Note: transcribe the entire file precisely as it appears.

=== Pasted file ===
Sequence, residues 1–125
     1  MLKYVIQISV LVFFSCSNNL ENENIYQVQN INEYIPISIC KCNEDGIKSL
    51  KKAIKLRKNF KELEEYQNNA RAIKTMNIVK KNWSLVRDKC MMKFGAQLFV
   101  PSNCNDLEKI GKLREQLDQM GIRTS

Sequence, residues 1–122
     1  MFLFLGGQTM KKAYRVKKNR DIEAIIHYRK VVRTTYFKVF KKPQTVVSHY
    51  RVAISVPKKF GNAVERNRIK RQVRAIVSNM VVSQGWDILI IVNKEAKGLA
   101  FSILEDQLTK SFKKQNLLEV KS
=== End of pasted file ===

Sequence, residues 1–125
     1  MLKYVIQISV LVFFSCSNNL ENENIYQVQN INEYIPISIC KCNEDGIKSL
    51  KKAIKLRKNF KELEEYQNNA RAIKTMNIVK KNWSLVRDKC MMKFGAQLFV
   101  PSNCNDLEKI GKLREQLDQM GIRTS

Sequence, residues 1–122
     1  MFLFLGGQTM KKAYRVKKNR DIEAIIHYRK VVRTTYFKVF KKPQTVVSHY
    51  RVAISVPKKF GNAVERNRIK RQVRAIVSNM VVSQGWDILI IVNKEAKGLA
   101  FSILEDQLTK SFKKQNLLEV KS